The Shadow was long believed to have debuted on radio as a program in its own right on September 26, 1937, on the Mutual Broadcasting System. But the character actually premiered in September 1931, on CBS, as part of the hourlong The Blue Coal Radio Revue (named for the show's sponsor), featuring Frank Readick - The Shadow announcer of Detective Stories - as The Shadow, and playing Sundays at 5:30 p.m. Eastern standard time. The stories also appeared on Thursday nights for a month, when Love Story Drama (another Street and Smith creation) took the Thursday-night slot - but also featured occasional portrayals of The Shadow.
This collection of The Shadow radio programs is the most complete collection io the market. It includes 282 shows.
©2015 BN Publishing (P)2015 BN Publishing
This compilation would have been made so much better had the back to back duplication of stories been cut out. Whoever did the editing/splicing of the various episodes did a horrible job. In at least 3 of the sections, most every episode was presented twice, one right after the other. This decreases the number of shows drastically from the 282 that were listed in the title.
Lamont Cranston and Margot Lane, the lead characters in the stories were always my favorites, but in listening to these over again, "Shrevvy", the cabby became a favorite of mine.
Orson Welles was only the lead for the first couple of seasons. He was followed by Bill Johnstone who really developed the character more. Welles, however, had the ability to switch his voice from his Cranston character to The Shadow in such a way that The Shadow was more mysterious and fitting to the title of the show.
My dislike for this series was not for the stories, or the audio quality, as I knew going in that audio recordings from the 1930s and 1940s were not going to be that great. It is more for the lack of quality editing/splicing of the shows together. There is no justification for multiple incidents of back to back plays of the same episode.
If you want to buy this outright, it is a steal for under $5. However, do NOT waste your monthly credit on this. It is not worth the monthly subscription fee of $14.95
I would recommend this because of the ease of listening to the individual stories. I like being able to bookmark where I left off which is not a feature available when downloading old time radio from the internet for free and either burning to disk or sticking on a lot of mp3s. I also like the way the overall collection is broken down into sets of the individual broadcasts. I would like to see a list of the episodes names in order be made available on this website under the tiles links and other information
The character of the Shadow lets us use our imagination when listening to the stories, The old time radio stories were written with the fact in mind that multiple people would be listening together.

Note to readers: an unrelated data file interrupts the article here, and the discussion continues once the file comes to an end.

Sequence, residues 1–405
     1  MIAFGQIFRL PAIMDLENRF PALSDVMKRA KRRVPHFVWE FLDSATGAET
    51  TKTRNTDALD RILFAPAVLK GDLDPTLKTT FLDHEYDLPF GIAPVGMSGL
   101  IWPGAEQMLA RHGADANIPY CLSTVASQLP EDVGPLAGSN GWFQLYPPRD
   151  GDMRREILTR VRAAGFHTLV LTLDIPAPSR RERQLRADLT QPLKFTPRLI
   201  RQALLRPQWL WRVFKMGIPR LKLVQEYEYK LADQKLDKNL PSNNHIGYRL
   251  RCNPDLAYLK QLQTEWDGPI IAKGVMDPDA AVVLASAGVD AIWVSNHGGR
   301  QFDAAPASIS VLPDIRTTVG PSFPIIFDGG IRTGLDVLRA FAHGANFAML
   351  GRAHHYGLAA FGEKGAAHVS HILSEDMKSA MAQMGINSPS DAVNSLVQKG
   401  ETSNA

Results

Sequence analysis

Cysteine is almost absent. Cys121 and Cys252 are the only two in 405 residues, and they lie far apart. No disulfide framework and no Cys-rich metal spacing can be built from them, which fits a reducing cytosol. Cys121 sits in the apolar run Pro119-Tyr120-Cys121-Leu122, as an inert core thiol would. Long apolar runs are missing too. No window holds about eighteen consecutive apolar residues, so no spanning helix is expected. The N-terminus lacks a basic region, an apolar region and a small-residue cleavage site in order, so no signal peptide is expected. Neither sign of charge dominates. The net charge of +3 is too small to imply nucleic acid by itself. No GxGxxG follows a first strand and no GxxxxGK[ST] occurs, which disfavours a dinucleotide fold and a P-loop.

I was a 'readaholic' for most of my life. I started crochet and other hobbies. That took away from my reading time. I discovered audio books at the library. That set me off. now, that I am older my eyes make it too difficult to read. So I now am a very diligent audio book listener!
I was glad to get this. There were a lot of shows I didn't have. I have a few notes. Part there were several shows that were duplicated. I do not know if the duplications were deliberate or a mistake. I do wish that there were original air dates listed. This effects show contents. Some shows were written in, near, and during the world wars. Some shows were more Sci-Fi.
The recordings started out ok but started repeating, some more than half a dozen times, and sometimes one right after the other. For the most part the quality was ok but some I didn't finish because I couldn't understand them. Yes I know they're old. I did enjoy the stories I could understand. Just be aware that even though it says 190 stories, there is a lot of repetition.
Really enjoy radio shows from the 30s, 40s & 50's. Makes my days go quicker & I learn more about the history of radio❤️
I have elsewhere heard segments that have been cleaned up much better than this collection, where I could understand "calm" voices without turning the volume up to painful levels. Orson Welles enunciated pretty well but even he comes across mumbly in some washes of sound artifacting. Isn't modern technology able to do a little better?
Between that and the "Margo pleads for Lamont to not do the thing; Lamont does the thing; the police fume" formula of nearly every episode so far, I get too sleepy to continue but cannot use the series as background noise for sleeping. I remember the printed stories by Walter Gibson being much more inventive. Since he was involved in creating the radio plays, I guess I expected something similar.
The sound quality is very inconsistent, ranging from fantastic to barely understandable from episode to episode. But, beyond that, this set contains some real genuine gems including episodes from the often forgotten Australian radio production of The Shadow. For real Shadow fans it is worth the few dollars and the digging between episodes for the treasures in this set!
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